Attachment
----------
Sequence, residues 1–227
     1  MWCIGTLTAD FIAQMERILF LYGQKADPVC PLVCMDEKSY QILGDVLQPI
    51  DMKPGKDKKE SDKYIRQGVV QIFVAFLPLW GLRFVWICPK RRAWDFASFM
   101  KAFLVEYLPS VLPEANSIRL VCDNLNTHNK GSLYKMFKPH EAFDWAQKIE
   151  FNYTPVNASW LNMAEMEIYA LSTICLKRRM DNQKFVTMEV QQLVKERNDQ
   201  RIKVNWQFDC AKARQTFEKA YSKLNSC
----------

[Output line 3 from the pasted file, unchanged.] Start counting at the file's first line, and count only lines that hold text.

    51  DMKPGKDKKE SDKYIRQGVV QIFVAFLPLW GLRFVWICPK RRAWDFASFM